Nabi Daniel mosque Alexandria Egypt

Egyptian landmarks

Nabi Daniel mosque Alexandria Egypt located in Nabi Daniel street in Moharram Bek in Alexandria. In fact, Nabi Daniel is not popular among the Muslims globally. The present Nabi Daniel mosque Alexandria built at the end of the 18th century. It restored in 1823 by Muhammad Ali.

A smaller shrine preexisted on the site. It maybe was the mosque of Dzoul Karnein – the Sire with the two horns -. In fact, the mosque contains the remains of the scholar and venerated teacher Prophet Daniel. It also has his companion Sidi Lokman el Hakim, a religious story teller. The Arab legend of the Prophet Daniel appeared during the 9th century.

He told by two astronomers: Mohammad Ibn Kathir el Farghani and Abou Ma’shar. It mentioned that “a young Jew, Daniel persecuted and chased from Syria. It was by the idolaters whom he tried to convert. Moreover, an old man appeared in a dream urging him to go to war. The war was against the infidels and promising victory over all Asia. In fact, Nabi Daniel acquired many followers in Egypt. It is where he sought refuge and built Alexandria. Obeying what the old man ordered him in his dream, he made war against the infidels. After a successful expedition, he returned to Alexandria and died of old age.

More details about Nabi Daniel mosque Alexandria Egypt:

Furthermore, his body placed in a golden sarcophagus inlaid with precious stones. But the Jews stole it to mint coins and replaced it with a stone sarcophagus”.

Vassili Grigorovich Barskij, visited Alexandria in 1727 and 1730. In fact, he was Russian monk. He made a plan of the city. Near the Kom el Dekka mound, he drew a small Mohammedan shrine. It could be the predecessor of the Nabi Daniel mosque Alexandria. We cannot refer to his written description of the city. Barskij’s work only translated and only fragments studied. Moreover, the Danish Captain Norden visited the town in 1737, but tried in vain to find the tomb of Alexander. James Bruce looked for the tomb of the Great Macedonian.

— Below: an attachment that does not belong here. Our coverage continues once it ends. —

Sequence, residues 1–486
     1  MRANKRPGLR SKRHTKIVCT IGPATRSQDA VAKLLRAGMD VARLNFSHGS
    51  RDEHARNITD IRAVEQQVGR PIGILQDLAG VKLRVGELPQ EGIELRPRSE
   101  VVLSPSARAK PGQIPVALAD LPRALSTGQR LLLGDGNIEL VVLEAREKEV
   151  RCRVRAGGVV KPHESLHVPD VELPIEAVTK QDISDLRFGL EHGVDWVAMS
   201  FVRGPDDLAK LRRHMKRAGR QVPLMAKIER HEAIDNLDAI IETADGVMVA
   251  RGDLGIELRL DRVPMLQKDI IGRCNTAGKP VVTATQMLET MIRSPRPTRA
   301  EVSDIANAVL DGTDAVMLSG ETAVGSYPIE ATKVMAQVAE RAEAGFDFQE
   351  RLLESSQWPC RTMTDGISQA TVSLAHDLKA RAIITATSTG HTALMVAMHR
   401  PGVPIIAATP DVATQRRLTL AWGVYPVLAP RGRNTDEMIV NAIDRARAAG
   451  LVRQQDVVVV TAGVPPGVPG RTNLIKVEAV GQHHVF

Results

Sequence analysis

It was 30 years later in 1768. He asking the Arabs, the Jews, the Greeks and others, but none were able to show him the location”. At the end of the 18th century, Sestrini shown the sarcophagus in the Attarine mosque.

Moreover, Archimandrite Konstantios tried without success to locate Alexander’s Mausoleum in 1803. He was a Russian prelate from Kiev. He noted that he… ” looked in vain for… the tomb of Alexander the Great. It was the tomb of the man whose life’s course was above the faith of common mortals…;”. He stated that “until the 15th century the location known. But now even the tradition of this tomb has lost…”.

More details about Nabi Daniel mosque Alexandria Egypt:

He added that “beyond any doubt the remains survived under the great masses of the city’s ruins”. Konstantios, in his writing, and Barskij in his plan do not mention either of the Mosques. A new impulse given to the legend of the tomb of Alexander the Great. It was in the middle of the 19th century.

Looking through the cracks of the planks he saw a body with the head rose lying in a crystal coffin. On the head, there was a golden diadem. Around scattered papyri, scrolls and books. He tried to remain longer in the vault. But he pulled away by one of the monks of the Mosque. In spite of his repeated attempts to return, he forbidden the area of the crypt. Scilitzis made a written report to the Russian Consul.
He also did to the Greek Patriarch of Alexandria. Scilitzis read Dion Cassius and had access to the passage under Nabi Daniel mosque. In fcat, he did not tell the truth. In the humid climate of Alexandria, papyri and books survived for over two millennia.

Mahmoud Bey el Falaki was Egyptian astronomer and engineer. He visited the crypts under the Nabi Daniel mosque Alexandria some ten years after Scilitzis. He tried to carry our the difficult task of drawing a map. The map was of the ancient town. In fact, it ordered in 1865 by the Khedive Ismail. From this paved room inclined corridors started out in four different directions. Because of their length and their bad state I could not survey them.

The rich quality of the stones used in the construction. Other indications confirmed a belief. It is that these subterranean passages must have led to the tomb of Alexander the Great. El Falaki was not an archaeologist. So we can be skeptical about his conclusions. But one would not question his sincerity and he must considered as a reliable witness.

Leave a Reply

Your email address will not be published. Required fields are marked *